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Loading All Trace files


Loading All Trace files

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dwilliscp
dwilliscp
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I was wondering if someone had already put the SQL together to load all trace files in a folder, into a SQL table. I have the following code.. that I modify for each trace file created during the previous day.

insert into zt_trace_data

SELECT cast(TextData as varchar(4000)) as TextData, BinaryData, DatabaseID, TransactionID, LineNumber, NTUserName, NTDomainName, HostName, ClientProcessID, ApplicationName,
LoginName, SPID, Duration, StartTime, EndTime, Reads, Writes, CPU, Permissions, Severity, EventSubClass, ObjectID, Success, IndexID, IntegerData,
ServerName, EventClass, ObjectType, NestLevel, State, Error, Mode, Handle, ObjectName, DatabaseName, FileName, OwnerName, RoleName,
TargetUserName, DBUserName, LoginSid, TargetLoginName, TargetLoginSid, ColumnPermissions, LinkedServerName, ProviderName, MethodName,
RowCounts, RequestID, XactSequence, EventSequence, BigintData1, BigintData2, GUID, IntegerData2, ObjectID2, Type, OwnerID, ParentName,
IsSystem, Offset, SourceDatabaseID, SqlHandle, SessionLoginName, PlanHandle
FROM fn_trace_gettable(N'C:\TraceFiles\SQL_Performance_20130201040000.trc',DEFAULT);
Orlando Colamatteo
Orlando Colamatteo
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Group: General Forum Members
Points: 8249 Visits: 14368
Borrowed from here and tweaked slightly:

DECLARE @trace_id INT = 1,
@path NVARCHAR(260);

SELECT @path = REVERSE(SUBSTRING(REVERSE([path]), CHARINDEX('\', REVERSE([path])), 260)) + N'log.trc'
FROM sys.traces
-- set this id each time up above or come up with another identifier you can count on to get a specific trace id from sys.traces, e.g. path like '%something%'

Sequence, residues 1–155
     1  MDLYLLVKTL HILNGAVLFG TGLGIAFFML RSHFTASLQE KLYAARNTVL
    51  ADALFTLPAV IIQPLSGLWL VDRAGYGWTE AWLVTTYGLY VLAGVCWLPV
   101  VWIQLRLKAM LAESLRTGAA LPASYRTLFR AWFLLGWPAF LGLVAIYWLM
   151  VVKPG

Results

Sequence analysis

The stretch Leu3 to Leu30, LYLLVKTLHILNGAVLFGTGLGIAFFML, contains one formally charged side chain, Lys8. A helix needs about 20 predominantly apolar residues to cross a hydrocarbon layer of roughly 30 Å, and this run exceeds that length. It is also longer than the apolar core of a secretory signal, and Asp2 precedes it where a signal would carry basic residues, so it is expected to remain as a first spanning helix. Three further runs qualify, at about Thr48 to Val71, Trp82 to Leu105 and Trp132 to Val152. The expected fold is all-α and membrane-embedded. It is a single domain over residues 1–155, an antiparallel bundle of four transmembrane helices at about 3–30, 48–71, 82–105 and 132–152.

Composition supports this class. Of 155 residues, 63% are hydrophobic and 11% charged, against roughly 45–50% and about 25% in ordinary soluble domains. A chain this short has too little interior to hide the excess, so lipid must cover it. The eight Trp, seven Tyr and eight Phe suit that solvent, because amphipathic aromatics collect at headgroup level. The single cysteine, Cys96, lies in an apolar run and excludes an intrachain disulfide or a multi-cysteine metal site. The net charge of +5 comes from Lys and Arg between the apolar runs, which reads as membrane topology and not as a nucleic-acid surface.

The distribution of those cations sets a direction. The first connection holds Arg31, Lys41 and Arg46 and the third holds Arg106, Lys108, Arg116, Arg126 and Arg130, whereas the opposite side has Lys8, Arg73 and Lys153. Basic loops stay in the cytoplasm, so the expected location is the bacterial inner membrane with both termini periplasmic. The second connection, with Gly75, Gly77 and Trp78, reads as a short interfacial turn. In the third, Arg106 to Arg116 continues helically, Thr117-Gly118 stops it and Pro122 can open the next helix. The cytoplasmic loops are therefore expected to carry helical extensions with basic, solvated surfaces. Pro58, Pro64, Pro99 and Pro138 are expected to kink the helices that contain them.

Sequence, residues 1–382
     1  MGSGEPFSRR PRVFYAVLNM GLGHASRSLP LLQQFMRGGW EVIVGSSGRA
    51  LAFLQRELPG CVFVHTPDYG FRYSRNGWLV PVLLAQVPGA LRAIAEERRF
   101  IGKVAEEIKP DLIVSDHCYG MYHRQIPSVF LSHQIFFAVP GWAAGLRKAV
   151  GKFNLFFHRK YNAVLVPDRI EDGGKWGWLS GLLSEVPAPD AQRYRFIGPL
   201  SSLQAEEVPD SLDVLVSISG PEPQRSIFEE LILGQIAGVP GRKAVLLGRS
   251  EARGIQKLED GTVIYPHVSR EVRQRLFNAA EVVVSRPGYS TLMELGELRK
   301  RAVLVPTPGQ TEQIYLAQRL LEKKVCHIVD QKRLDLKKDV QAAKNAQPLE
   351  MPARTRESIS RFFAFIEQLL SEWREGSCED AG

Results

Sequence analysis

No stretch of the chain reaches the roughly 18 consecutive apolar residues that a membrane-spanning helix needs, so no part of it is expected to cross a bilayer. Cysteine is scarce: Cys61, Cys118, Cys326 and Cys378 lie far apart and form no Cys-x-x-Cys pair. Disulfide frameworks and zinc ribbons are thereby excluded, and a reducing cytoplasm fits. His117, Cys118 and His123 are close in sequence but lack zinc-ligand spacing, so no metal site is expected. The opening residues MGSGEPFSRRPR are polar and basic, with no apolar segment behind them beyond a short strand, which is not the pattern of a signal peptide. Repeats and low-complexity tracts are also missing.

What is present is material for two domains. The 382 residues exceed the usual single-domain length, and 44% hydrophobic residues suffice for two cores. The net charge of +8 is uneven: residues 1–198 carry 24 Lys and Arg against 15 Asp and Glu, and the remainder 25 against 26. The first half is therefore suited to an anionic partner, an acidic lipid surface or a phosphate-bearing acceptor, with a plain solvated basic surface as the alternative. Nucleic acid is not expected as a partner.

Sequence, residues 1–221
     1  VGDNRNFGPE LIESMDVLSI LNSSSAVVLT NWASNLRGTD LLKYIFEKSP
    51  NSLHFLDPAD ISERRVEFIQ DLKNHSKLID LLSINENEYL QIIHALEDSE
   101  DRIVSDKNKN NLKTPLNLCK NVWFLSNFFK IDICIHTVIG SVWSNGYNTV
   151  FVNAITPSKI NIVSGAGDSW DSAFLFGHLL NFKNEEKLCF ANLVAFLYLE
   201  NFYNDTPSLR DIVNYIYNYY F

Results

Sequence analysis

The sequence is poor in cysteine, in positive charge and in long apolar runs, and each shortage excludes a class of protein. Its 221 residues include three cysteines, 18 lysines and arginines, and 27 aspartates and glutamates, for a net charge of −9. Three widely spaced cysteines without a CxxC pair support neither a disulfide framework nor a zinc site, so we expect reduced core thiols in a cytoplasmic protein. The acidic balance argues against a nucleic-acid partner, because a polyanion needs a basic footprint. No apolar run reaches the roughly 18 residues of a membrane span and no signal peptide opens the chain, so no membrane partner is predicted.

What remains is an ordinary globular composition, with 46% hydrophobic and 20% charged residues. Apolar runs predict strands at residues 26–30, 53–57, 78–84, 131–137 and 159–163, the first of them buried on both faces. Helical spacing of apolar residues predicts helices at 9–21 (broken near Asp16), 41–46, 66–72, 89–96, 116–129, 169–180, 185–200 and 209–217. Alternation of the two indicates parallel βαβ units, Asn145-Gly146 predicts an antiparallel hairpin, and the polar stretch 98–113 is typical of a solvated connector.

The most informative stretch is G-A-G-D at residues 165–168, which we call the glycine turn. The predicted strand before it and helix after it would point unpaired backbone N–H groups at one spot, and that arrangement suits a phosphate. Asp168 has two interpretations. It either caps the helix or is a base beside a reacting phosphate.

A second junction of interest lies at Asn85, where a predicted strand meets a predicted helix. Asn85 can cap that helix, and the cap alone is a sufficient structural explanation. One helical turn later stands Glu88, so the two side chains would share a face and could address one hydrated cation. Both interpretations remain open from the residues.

WHERE id = @trace_id;

SELECT DatabaseName,
[FileName],
SPID,
Duration,
StartTime,
EndTime,
FileType = CASE EventClass
WHEN 92 THEN 'Data'
WHEN 93 THEN 'Log'
END
FROM sys.fn_trace_gettable(@path, DEFAULT)
WHERE EventClass IN ( 92, 93 )
ORDER BY StartTime DESC;



__________________________________________________________________________________________________
There are no special teachers of virtue, because virtue is taught by the whole community. --Plato
dwilliscp
dwilliscp
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Group: General Forum Members
Points: 420 Visits: 767
Thanks, I just noticed that I left one key fact out.

The trace runs for a set amount of time then stops, and SQL server removes it from sys.traces. So I have a job that re-creates the trace, at various times through out the day, when our performance is known to suffer. So the script you posted will not work, since once the hour is up.. sql server stops AND deletes the trace from sys.traces.
Orlando Colamatteo
Orlando Colamatteo
SSCrazy Eights
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Group: General Forum Members
Points: 8249 Visits: 14368
In that case if you want to do everything in T-SQL then you will need to gain directory access. Some options are xp_cmdshell or a CLR object, there are others. I would go a different route though. Create a simple PowerShell script to iterate over any directory you need and call Invoke-Sqlcmd once for each file encountered to load the trace file into a table. When the file is loaded you can do any number of things including deleting the trace file or moving it to an archive directory, your option are wide open at that point.

__________________________________________________________________________________________________
There are no special teachers of virtue, because virtue is taught by the whole community. --Plato
Orlando Colamatteo
Orlando Colamatteo
SSCrazy Eights
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Group: General Forum Members
Points: 8249 Visits: 14368
Another option is to have the job that starts the trace add an entry into a control table after the trace is started so you can later use that to bring the trace files in.

__________________________________________________________________________________________________
There are no special teachers of virtue, because virtue is taught by the whole community. --Plato
dwilliscp
dwilliscp
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Two very good idea's. Since I have very limited powershell skills, I think the second is what I will do.

Thanks
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